Getting diverted on the walk-in  © Jessie Leong
Getting diverted on the walk-in
© Jessie Leong

The route prior to Cam Crag involves a steady, gently ascending walk-in from Rosthwaite, either along a well-marked footpath on the Cumbria Way or on a gravel track that takes you on a straight line through the valley. If you're lucky, you might be able to bag a parking spot just outside Stonethwaite, although careful parking is required to avoid disruption and annoyance to the farmers.

Locate the footpath, which leads past the Langstrath Country Inn and Stonethwaite Farm campsite. A popular spot with both campers and camper vanners, the late spring air is heady with the scent of sun-dazed bluebells from the woods along Stonethwaite Beck. At Galleny Force, or 'Fairy Glen' as it's also known, we reach a popular wild swimming spot with two connecting pools and cascades creating a short waterfall. The mood of the group becomes increasingly giddy for a bit of spontaneous swimming. While it might not be the thing everyone wants to embrace first thing in the morning, those that prefer to picnic will find an idyllic spot for a mid-morning snack. Just remember to bring your swimming costume or face a 'cooling' effect when you start scrambling!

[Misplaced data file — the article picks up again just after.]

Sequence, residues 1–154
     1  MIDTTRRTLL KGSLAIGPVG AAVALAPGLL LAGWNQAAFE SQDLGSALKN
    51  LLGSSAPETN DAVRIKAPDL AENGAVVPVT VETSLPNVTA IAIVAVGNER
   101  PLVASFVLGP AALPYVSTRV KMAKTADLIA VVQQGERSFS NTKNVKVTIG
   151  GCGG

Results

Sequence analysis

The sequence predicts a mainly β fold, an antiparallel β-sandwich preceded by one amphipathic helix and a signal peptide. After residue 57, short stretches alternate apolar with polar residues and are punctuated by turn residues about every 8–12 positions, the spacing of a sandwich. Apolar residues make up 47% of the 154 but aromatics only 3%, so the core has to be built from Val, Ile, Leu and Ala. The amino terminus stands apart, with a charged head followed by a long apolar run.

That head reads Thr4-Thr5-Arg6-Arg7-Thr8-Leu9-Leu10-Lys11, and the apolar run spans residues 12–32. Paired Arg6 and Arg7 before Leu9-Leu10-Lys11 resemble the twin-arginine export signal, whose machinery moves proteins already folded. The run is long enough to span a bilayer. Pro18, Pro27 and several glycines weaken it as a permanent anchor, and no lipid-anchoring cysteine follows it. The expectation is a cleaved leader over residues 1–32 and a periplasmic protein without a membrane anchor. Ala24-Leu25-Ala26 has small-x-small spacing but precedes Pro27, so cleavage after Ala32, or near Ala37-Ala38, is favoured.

Not far above Woof Stones, the scrambling gets interesting  © Jessie Leong
Not far above Woof Stones, the scrambling gets interesting
© Jessie Leong

After drying ourselves down, we headed along a vehicle track on the right hand side of the river where Stonethwaite Beck reaches Smithymire Island, a junction between Langstrath Beck and Greenup Gill. Look up to the imposing crags of Heron Crag and Sergeant's Crag gazing down from their rocky watchtowers, we followed the vehicle track for 2km to reach Blackmoss Pot, a small ravine with deep rock lined walls, popular for deep water soloing and for those looking for a more exhilarating dip.

Shortly after this we aimed steeply up the path and cross the stile , confronting a set of gigantic boulders, the Woof Stones. Continuing upwards, trending left past the huge stones up some steep grassy slopes, we soon reached the base of the scramble. Woof Beck will be visible below on your left, and a grassy start where holds (and a slightly better line) can be found to the right.